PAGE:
Tag Archive - Genre

Getting to the Heart of Why You Write What You Write

Understanding why you write what you write, and what brings joy to your writing, is key because if you are going to write for life—if writing novels is a career goal for you—then you want to make sure you are writing in a genre that you enjoy and that fulfils your need to be creative.

You motivation plays a big part in your success and happiness.

Sure, you could chose to write something you dislike, and you might not care. Maybe what you write isn’t at all important to you and doesn’t affect how you feel about writing. Some writers only write to make a living and they view it as any other job.

There is nothing wrong with that. But other writers find it difficult to spend hours, weeks, even years of their life writing material that doesn’t interest them. And it often shows in what and how they write.

I firmly believe we should be able to find joy and fulfillment in everything we do in life. And when it comes to writing fiction, I don’t believe any writer should be miserable or hate writing, because they’ve chosen to write something because it sells and can make them a living. Continue Reading…

The Key to a Successful Novel Lies in Genre

If you asked me what is the most important thing an author needs to know to ensure they will have the best chance of success with their novel, I could sum it up in one word: genre.

You have to know what genre you are writing in. And, on top of that, you have to do your homework to be completely “fluent” in that genre. That means learning to identify the markers for that genre.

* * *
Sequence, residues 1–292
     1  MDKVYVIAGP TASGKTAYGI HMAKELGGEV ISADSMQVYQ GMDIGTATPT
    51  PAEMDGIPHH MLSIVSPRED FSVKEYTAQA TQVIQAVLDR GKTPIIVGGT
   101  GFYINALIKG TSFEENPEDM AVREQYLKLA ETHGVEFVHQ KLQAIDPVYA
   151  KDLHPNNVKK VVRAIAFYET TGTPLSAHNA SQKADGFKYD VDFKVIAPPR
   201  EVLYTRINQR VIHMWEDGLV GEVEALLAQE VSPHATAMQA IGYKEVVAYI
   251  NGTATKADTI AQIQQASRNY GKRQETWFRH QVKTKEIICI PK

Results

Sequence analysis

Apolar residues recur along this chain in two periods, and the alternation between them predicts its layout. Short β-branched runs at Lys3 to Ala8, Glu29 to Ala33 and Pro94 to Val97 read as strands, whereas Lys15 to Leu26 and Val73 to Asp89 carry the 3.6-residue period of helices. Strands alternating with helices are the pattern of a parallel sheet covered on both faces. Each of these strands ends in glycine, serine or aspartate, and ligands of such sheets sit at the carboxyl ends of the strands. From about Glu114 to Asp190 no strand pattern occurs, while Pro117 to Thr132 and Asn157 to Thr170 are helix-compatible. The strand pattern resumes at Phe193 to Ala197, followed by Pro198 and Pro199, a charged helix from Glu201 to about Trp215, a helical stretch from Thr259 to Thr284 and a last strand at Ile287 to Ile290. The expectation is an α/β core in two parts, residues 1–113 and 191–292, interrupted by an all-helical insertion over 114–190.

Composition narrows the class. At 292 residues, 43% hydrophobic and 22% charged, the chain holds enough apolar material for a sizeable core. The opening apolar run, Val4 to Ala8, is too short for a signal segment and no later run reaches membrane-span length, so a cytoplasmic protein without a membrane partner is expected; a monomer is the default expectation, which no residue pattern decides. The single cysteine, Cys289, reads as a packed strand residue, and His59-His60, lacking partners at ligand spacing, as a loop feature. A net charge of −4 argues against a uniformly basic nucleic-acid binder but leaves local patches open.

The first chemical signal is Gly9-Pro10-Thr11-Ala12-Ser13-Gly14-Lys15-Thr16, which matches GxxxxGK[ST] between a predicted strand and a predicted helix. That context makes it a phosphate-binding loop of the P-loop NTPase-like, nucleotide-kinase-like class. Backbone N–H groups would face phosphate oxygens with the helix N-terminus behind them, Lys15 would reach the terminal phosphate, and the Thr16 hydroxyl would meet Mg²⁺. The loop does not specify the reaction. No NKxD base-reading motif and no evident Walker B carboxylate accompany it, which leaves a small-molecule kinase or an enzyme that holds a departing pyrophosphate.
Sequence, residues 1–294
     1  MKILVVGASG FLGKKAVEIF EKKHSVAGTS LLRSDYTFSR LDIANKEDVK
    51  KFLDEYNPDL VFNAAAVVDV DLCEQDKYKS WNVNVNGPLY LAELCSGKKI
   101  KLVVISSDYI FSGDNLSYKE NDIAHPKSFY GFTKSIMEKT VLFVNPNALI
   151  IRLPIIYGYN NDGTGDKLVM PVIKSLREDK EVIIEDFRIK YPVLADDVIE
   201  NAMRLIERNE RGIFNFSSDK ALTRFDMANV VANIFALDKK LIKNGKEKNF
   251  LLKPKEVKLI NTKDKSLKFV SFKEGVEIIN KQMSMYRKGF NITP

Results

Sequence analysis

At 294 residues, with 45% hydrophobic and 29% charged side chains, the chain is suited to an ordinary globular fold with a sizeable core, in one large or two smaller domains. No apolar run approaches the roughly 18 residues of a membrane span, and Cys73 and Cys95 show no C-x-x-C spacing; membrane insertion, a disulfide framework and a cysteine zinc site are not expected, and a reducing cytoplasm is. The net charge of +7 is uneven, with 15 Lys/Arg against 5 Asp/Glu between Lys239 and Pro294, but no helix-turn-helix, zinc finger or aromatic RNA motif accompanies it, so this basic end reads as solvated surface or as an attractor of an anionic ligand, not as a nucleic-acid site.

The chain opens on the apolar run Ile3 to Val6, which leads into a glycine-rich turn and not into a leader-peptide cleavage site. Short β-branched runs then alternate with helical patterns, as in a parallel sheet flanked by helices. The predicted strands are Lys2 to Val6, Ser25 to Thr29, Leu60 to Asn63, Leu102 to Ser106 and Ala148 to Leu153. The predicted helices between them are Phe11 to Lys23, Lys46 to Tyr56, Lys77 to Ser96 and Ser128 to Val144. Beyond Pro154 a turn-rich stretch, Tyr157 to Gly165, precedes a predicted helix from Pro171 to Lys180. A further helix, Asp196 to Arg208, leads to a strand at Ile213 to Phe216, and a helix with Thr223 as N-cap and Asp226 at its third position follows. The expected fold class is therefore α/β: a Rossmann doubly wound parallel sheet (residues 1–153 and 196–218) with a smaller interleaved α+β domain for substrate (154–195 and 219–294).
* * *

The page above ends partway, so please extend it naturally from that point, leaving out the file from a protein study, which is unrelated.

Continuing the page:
Readers have specific expectations that they bring to a genre. So that means you, the author, must identify your niche genre, write to those expectations, and be sure that all marketing materials, including cover design, perfectly reflect that genre.

That might seem like a no-brainer, but, sadly, I see a lot of writers clueless about the genre they are writing in and haven’t done their homework.

Let me give you an example.

Here are the elements of Southern Gothic stories:

  • Voodoo and spirituality
  • An air of mystery, and/or the supernatural
  • Grotesque history, especially focusing on the South’s history of slavery
  • Social anxieties represented in racial tension
  • Deeply flawed, disturbing or eccentric characters
  • isolation and marginalization
  • violence and crime
  • sense of place
  • freakishness and the grotesque
  • destitution and decay
  • oppression and discriminat

Some Southern Gothic authors include Flannery O’Connor, Harper Lee, Truman Capote, Tennessee Williams, Carson McCullers. You have to know not just the markers of a genre but the great authors who’ve mastered the genre. Then you need to study those authors. Continue Reading…

Targeting Genre with the KDSPY Kindle App

Recently I wrote some posts on targeting genre for big sales, as this is a topic that I’ve been very interested in, personally, for years. I always wondered just how much genre had to do with a novel’s success, and when I did my “experiment” a couple of years ago by writing in a genre that purportedly “sold itself,” I proved to myself (and perhaps to many others) that genre really matters. (If you didn’t read my blog post on The Book Designer that went viral in the writing world, take a look at it here. )

My aim was to write a novel that carefully fit a big-selling genre and see if it would sell with little effort on my part. I used a pen name, and although I did a little bit of marketing—similar to what a new author would do—I was astounded by the sales I saw. Way more than all the sales I got from my other half dozen self-published novels.

Whether You’re in It for the Money or Not

You might not care about making money off your books. But some of us have families to support and bills to pay. I felt guilty for years writing novel after novel that didn’t sell, “wasting precious time” (my assessment) when I could have been working at Wal-Mart for minimum wage and at least bringing some money in. Continue Reading…

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